It’s always nice when a story in our archives is discovered by someone who appreciates the subject matter. It’s even more fun when a little tidbit is brought back to the surface because of their discovery.
In the latest post on the SABR baseball card blog, long-time baseball writer Rob Neyer wrote about the long-forgotten 1985 Circle K All-Time Home Run Kings set. It was among the first of a slew of little boxed sets, mostly produced by Topps and Fleer and distributed through various types of retail outlets in the mid-to-late 1980s. He referenced our pretty extensive rundown of them from a few years ago.
The fun part of the SABR blog post was the reference to the Home Run Kings set putting Joe DiMaggio on the checklist without actually having him in the set. DiMaggio, by that time, was starting to make decent money off his name and likeness and apparently Topps couldn’t strike a deal to use his card in the set.
Neyer mentioned the design of the cards, which were made in Ireland, where Topps printed its white stock products during that time. The cards used photos with a small, plain white border and the player’s name in small letters at the bottom. It’s a very simplistic look that Topps also used on its wrapper redemption mail order “send in” glossy sets for several years during the 80s. The cards are a little like the classic 1953 Bowman set in that regard.
I’ve always felt that for collectors of modern era cards, some of the sets Topps produced as “side bars” during the mid-to-late 1980s and early 90s were underrated—or at least more fun than they get credit for. I’m referring to the inserts in various types of packaging or used as mail order sets. Not unlike today, the different distribution methods are what makes many of them unique. Topps’ 100-card jumbo cello packs held the 22-card Glossy Rookie sets; the big blister rack packs sold at K-Mart in 1989 and ’90 gave us the Batting Leaders glossy insert sets that are very tough to find today (how many people bought blister packs at K-Mart for 3 bucks a pop?).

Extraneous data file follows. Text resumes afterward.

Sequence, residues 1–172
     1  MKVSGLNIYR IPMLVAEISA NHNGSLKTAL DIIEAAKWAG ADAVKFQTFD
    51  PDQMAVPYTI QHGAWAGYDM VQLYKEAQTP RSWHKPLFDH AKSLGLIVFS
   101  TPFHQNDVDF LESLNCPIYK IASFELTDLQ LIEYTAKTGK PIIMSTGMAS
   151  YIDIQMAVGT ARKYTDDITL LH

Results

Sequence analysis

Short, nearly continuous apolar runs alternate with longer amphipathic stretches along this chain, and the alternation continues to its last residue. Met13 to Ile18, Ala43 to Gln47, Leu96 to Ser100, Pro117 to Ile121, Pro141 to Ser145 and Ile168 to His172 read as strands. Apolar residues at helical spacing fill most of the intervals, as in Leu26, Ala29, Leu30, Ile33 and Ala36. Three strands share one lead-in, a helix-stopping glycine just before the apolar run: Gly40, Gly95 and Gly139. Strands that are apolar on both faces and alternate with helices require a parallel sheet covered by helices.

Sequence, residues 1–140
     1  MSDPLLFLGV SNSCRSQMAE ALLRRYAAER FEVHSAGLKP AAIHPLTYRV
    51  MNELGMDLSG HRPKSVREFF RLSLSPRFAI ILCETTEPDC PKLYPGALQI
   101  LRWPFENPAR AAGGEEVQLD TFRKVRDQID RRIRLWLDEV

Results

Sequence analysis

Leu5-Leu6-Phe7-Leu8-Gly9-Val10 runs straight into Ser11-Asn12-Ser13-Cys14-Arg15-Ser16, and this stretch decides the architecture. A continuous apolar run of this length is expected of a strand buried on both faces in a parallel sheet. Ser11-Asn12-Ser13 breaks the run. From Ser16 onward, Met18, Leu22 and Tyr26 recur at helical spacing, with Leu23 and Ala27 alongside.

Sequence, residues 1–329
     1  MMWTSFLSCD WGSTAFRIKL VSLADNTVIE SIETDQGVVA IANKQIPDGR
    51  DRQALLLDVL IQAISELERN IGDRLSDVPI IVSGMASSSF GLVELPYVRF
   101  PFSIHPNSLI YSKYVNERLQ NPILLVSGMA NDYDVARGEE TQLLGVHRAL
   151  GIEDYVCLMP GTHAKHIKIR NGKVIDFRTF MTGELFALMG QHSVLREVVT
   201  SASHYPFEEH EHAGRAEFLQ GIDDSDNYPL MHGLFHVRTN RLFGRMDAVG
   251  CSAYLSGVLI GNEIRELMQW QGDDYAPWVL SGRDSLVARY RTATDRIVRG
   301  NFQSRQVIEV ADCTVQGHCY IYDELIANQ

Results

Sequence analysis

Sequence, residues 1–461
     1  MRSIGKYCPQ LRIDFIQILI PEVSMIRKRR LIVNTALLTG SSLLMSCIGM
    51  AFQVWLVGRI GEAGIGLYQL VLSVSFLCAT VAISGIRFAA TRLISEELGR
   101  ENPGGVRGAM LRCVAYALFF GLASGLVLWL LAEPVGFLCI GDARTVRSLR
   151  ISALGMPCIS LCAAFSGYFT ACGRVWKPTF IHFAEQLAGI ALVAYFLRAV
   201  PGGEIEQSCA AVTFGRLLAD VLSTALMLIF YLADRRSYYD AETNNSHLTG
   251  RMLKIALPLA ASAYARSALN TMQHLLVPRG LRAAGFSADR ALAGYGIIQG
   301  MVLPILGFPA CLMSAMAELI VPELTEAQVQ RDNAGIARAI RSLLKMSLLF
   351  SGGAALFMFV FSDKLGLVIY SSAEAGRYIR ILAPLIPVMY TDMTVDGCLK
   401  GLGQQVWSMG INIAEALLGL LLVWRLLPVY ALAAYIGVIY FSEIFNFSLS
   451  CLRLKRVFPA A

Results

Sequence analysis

The Mini League Leaders produced from 1986-88 were fairly innovative little glossy (there’s that word again) sets that were sold in wax packs—and even vending boxes (bet you didn’t know that). Today, they remain almost completely ignored and available for the cost of a fast food lunch despite having about a dozen Hall of Famers in each.
For sure, it was a different time. Card companies were still looking for unique little bonuses that would drive sales and partnering with as many retail chains as they could rather than being slaves to the autograph and relic cards and pricey boxes that would soon engulf the hobby. If nothing else, they’re a reminder of the different places one could find baseball cards just in the course of running errands and saving wrappers.